Nicholas I, 1796–1855, czar of Russia (1825–55), third son of Paul I. His brother and predecessor, Alexander I, died childless (1825). Constantine, Paul's second son, was next in succession but had secretly renounced (1822) the throne after marrying a Polish aristocrat. This secrecy resulted in confusion at Alexander's death and touched off the Decembrist uprising, a rebellion against Nicholas, which he crushed on the first day of his reign.
Nicholas strove to serve his country's best interests as he saw them, but his methods were dictatorial, paternalistic, and often inadequate. One important achievement, however, was the codification (1832–33) of existing Russian law. A few measures attempted to limit the landlords' powers over their serfs, and the condition of peasants belonging to the state was improved. Industry progressed somewhat; the first Russian railroad was completed in 1838. Efforts were made to stabilize the ruble and reduce the growing national debt.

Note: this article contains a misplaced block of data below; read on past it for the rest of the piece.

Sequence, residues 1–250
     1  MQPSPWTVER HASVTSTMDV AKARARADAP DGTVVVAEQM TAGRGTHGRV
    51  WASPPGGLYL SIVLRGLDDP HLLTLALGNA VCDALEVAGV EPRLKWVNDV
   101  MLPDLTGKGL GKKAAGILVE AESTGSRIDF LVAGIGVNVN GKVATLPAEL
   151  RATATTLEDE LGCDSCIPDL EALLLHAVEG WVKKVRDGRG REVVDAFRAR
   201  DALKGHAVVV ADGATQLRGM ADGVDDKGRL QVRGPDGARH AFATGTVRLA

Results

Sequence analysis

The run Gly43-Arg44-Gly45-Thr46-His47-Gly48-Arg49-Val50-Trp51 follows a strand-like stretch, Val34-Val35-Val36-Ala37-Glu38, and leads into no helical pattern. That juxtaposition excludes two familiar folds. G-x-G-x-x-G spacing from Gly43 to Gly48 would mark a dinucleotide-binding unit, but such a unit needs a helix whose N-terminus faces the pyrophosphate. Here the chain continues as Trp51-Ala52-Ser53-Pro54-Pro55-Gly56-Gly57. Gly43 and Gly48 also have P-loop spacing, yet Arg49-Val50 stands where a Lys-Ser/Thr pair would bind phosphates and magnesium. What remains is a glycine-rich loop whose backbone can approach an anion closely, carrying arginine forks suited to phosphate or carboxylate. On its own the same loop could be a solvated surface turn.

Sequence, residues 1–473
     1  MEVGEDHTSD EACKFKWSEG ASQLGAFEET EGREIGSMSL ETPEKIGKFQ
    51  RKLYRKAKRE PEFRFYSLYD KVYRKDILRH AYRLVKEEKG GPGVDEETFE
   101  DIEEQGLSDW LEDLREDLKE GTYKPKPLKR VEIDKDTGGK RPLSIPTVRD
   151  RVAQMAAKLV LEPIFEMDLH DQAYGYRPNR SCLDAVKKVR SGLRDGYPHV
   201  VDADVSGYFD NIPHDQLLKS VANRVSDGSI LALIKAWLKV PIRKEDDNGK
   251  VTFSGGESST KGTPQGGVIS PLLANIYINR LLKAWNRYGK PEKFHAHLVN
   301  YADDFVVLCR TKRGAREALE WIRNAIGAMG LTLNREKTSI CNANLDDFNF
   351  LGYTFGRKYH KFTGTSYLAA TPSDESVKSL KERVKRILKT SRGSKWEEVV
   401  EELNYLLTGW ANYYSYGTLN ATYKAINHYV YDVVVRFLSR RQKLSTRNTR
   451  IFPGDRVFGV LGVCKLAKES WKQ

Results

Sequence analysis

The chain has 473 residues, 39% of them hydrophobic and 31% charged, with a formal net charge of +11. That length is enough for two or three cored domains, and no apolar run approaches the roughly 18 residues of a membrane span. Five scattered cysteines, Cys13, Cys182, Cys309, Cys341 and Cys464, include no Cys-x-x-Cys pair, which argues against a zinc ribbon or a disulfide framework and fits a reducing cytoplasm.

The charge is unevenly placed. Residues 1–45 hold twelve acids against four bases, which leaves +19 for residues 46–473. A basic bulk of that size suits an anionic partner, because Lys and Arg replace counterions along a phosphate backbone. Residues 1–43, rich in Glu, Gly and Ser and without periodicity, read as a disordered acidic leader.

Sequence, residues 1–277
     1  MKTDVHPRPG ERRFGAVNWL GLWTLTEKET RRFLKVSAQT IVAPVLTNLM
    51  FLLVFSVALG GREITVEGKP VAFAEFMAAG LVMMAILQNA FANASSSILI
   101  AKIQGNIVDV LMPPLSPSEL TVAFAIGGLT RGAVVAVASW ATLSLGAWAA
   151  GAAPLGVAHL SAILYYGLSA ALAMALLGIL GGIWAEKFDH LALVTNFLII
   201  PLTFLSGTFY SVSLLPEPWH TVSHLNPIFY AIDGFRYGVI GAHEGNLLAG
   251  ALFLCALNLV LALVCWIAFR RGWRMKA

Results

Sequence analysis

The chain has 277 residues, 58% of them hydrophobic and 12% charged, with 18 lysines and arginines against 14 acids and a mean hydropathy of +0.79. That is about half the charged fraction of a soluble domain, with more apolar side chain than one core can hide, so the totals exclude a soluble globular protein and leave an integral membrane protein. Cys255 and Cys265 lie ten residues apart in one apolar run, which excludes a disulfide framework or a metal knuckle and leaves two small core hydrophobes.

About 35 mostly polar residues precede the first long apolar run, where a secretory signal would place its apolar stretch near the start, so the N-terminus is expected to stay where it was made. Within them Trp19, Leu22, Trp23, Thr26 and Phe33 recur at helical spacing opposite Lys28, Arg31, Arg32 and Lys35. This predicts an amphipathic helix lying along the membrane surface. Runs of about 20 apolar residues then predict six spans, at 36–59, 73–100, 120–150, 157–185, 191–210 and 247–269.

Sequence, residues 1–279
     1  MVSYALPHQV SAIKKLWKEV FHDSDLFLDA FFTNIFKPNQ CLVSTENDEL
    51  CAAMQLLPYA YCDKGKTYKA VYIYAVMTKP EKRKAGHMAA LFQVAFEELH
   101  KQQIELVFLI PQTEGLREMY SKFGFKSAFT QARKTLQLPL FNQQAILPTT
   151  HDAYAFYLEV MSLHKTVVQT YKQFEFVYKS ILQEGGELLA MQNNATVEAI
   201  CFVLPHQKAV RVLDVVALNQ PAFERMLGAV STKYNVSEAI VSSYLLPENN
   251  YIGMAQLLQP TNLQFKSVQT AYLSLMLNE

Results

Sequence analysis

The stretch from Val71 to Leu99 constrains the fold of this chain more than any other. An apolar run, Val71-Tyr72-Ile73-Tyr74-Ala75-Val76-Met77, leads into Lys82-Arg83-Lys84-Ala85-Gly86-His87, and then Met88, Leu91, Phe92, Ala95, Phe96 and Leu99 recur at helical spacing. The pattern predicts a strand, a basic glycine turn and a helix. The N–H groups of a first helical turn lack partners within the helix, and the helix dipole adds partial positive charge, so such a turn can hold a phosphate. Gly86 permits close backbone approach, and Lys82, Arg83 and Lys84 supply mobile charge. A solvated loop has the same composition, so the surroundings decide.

The motto "autocracy, orthodoxy, and nationality," expressing the principles applied to a new system of education, was also used by Nicholas in suppressing liberal thought, controlling the universities, increasing censorship, persecuting religious and national minorities, and strengthening the secret police. Intellectual life was in ferment, the revolutionary movement took form, and the two schools of thought held by Slavophiles and Westernizers emerged. With Pushkin, Lermontov, and Gogol a golden age in literature began.
Under Nicholas, Russia gained control of part of Armenia and the Caspian Sea after a war with Persia (1826–28). A war with the Ottoman Empire (1828–29; see Russo-Turkish Wars) gave Russia the eastern coast of the Black Sea and the mouth of the Danube. Nicholas brutally suppressed the uprising (1830–31) in Poland and abrogated the Polish constitution and Polish autonomy. In 1849 he helped Austria crush the revolution in Hungary. His attempts to dominate the Ottoman Empire led to the disastrous Crimean War (1853–56). He was succeeded by his son Alexander II.
See biographies by B. W. Lincoln (1978) and A. E. Presniakov (1978); P. Kurth, Tsar (1995).
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